New India birds report highlight many losses, few gains

178 avian species classified as of High Conservation Priority, requiring immediate attention, many species like Pea Fowl thriving


August 30, 2023

The State of India’s Birds report has painted a positive as well as grim picture of the country’s avian species. This is the crux of the comprehensive second edition of the assessment report released on Friday. The first edition was released in 2020.

A total of 944 species of Indian birds were assessed in this report. Out of 348 species that could be assessed for long-term trends, 60 % of species showed long-term declines, whereas out of 359 species assessed for the current annual trend, 40 % of species were found to be declining currently.

Many bird species, however, are thriving even as a 150% increase has been witnessed in the abundance of peafowl across the country over the past decade, the report points out. Likewise, the report has classified 178 species of wild birds as of “High Conservation Priority”, highlighting these require “immediate attention “for conservation.

The State of India’s Birds report was created to assess the conservation status of the majority of species that regularly occur in the country. Worldwide, common and widespread species are declining; but in India, lack of information has meant that conservation attention has been focussed on only a few species (usually large, charismatic and threatened).

Based on more than 30m field observations, made by nearly 30,000 birdwatchers in India and logged in the online database eBird, researchers from these organisations analysed the 942 species for which they had enough data to determine their conservation priority as either high, moderate or low.

The researchers evaluate the distribution range size of 942 Indian birds, and their trends in abundance in both the long term (over 25+ years) and currently (since 2015), the report states. Using these three measures, plus information from the IUCN Red List of global threat status, this report places Indian species into Low, Moderate and High categories of Conservation Priority for India. A large number of species that are thought to be common and widespread find themselves as of High Conservation Priority.

As for threats, the Birds in India are known to be affected by factors including (but not limited to) land-use change, urbanisation, ecosystem degradation, monocultures, disease, infrastructure development, pet trade, hunting, pollution, and climate change, the report has pointed out. Wild bird populations and assemblages can be impacted by these threats in complex ways and at different spatial scales, it states.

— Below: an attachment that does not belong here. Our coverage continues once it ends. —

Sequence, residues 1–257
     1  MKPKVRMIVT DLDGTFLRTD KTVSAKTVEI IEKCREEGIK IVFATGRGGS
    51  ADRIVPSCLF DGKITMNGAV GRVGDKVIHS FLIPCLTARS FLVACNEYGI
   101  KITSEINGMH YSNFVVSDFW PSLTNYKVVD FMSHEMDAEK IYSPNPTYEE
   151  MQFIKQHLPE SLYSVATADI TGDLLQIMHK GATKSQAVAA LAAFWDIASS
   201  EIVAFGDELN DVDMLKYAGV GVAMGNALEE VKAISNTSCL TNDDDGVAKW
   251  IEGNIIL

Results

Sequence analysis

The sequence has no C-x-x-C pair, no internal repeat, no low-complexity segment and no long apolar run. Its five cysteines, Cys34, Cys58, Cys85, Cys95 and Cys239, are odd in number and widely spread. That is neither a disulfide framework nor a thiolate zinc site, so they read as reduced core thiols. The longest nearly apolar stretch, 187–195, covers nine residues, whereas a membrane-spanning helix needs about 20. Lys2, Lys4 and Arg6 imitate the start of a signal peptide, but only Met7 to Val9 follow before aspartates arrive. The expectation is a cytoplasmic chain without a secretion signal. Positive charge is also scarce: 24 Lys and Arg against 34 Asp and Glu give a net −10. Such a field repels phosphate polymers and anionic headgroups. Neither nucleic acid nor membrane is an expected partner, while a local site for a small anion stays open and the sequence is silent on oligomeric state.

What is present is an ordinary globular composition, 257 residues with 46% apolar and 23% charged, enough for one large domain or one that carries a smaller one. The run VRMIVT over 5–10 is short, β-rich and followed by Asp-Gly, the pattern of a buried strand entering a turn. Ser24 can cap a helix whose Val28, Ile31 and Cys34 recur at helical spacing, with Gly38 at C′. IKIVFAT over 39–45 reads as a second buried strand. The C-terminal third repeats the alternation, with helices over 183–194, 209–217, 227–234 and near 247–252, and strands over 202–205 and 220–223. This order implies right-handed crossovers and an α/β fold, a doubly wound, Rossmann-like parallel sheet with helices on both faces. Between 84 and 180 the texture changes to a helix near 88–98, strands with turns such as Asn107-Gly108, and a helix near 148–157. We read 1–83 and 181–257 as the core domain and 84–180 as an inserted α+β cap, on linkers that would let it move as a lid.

The report – a partnership between the 13 conservation and research organisations including WWF and Wildlife Trust of India, has recommended an urgent reassessment of the status of 14 of these species, including the Indian roller, which is listed by the International Union for Conservation of Nature as being of “least concern”.

The report states that the researchers found that nearly 60% of the 348 species studied over a period of 25 years showed long-term declines, whereas 40% of the 359 species assessed over the short term (since 2015) had also declined.

As per the report, raptor and duck populations had declined the most, while as numbers of several common species, such as the great grey shrike, were also falling. It pointed out that migratory birds were declining more rapidly than non-migratory ones.

Categorised by diet, carnivorous, insectivorous and grain-eating birds were found to have declined more rapidly than fruit- and nectar-eating types, the report has pointed out. The declines however are not spread uniformly across different types of species as some groups such as grassland specialists and migratory birds are particularly hard hit.

As per the report, 217 species were found to be stable or increasing in numbers. Like Feral rock pigeons, Asian koel and Indian peafowl were found to be doing well, but the impact of their increasing numbers on other, more vulnerable species is not known. Likewise, common birds like the Baya weaver and pied bushchat were also found to be relatively stable.

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